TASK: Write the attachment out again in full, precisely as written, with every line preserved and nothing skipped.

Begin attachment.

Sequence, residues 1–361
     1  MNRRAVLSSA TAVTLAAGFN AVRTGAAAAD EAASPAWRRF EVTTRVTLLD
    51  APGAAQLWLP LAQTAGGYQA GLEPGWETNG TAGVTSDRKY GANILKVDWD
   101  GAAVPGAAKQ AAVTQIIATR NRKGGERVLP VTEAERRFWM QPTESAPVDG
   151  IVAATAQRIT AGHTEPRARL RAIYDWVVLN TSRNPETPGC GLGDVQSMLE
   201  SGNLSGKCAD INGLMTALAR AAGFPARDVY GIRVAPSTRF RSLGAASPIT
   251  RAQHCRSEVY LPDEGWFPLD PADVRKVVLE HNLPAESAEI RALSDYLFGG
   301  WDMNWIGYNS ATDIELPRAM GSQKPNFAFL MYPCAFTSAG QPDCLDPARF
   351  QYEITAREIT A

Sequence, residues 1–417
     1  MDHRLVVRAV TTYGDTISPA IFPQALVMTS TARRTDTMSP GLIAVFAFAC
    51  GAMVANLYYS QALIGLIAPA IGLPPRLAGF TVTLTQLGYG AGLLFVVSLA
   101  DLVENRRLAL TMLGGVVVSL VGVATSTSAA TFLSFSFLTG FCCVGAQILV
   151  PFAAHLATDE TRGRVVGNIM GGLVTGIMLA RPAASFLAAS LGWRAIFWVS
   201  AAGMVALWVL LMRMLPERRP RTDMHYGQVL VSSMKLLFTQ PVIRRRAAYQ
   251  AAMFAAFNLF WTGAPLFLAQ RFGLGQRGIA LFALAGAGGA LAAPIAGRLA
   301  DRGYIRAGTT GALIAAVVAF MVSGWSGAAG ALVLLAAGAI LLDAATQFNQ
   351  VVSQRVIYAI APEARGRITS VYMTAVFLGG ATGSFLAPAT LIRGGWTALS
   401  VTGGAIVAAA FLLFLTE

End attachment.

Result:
Sequence, residues 1–361
     1  MNRRAVLSSA TAVTLAAGFN AVRTGAAAAD EAASPAWRRF EVTTRVTLLD
    51  APGAAQLWLP LAQTAGGYQA GLEPGWETNG TAGVTSDRKY GANILKVDWD
   101  GAAVPGAAKQ AAVTQIIATR NRKGGERVLP VTEAERRFWM QPTESAPVDG
   151  IVAATAQRIT AGHTEPRARL RAIYDWVVLN TSRNPETPGC GLGDVQSMLE
   201  SGNLSGKCAD INGLMTALAR AAGFPARDVY GIRVAPSTRF RSLGAASPIT
   251  RAQHCRSEVY LPDEGWFPLD PADVRKVVLE HNLPAESAEI RALSDYLFGG
   301  WDMNWIGYNS ATDIELPRAM GSQKPNFAFL MYPCAFTSAG QPDCLDPARF
   351  QYEITAREIT A

Sequence, residues 1–417
     1  MDHRLVVRAV TTYGDTISPA IFPQALVMTS TARRTDTMSP GLIAVFAFAC
    51  GAMVANLYYS QALIGLIAPA IGLPPRLAGF TVTLTQLGYG AGLLFVVSLA
   101  DLVENRRLAL TMLGGVVVSL VGVATSTSAA TFLSFSFLTG FCCVGAQILV
   151  PFAAHLATDE TRGRVVGNIM GGLVTGIMLA RPAASFLAAS LGWRAIFWVS
   201  AAGMVALWVL LMRMLPERRP RTDMHYGQVL VSSMKLLFTQ PVIRRRAAYQ
   251  AAMFAAFNLF WTGAPLFLAQ RFGLGQRGIA LFALAGAGGA LAAPIAGRLA
   301  DRGYIRAGTT GALIAAVVAF MVSGWSGAAG ALVLLAAGAI LLDAATQFNQ
   351  VVSQRVIYAI APEARGRITS VYMTAVFLGG ATGSFLAPAT LIRGGWTALS
   401  VTGGAIVAAA FLLFLTE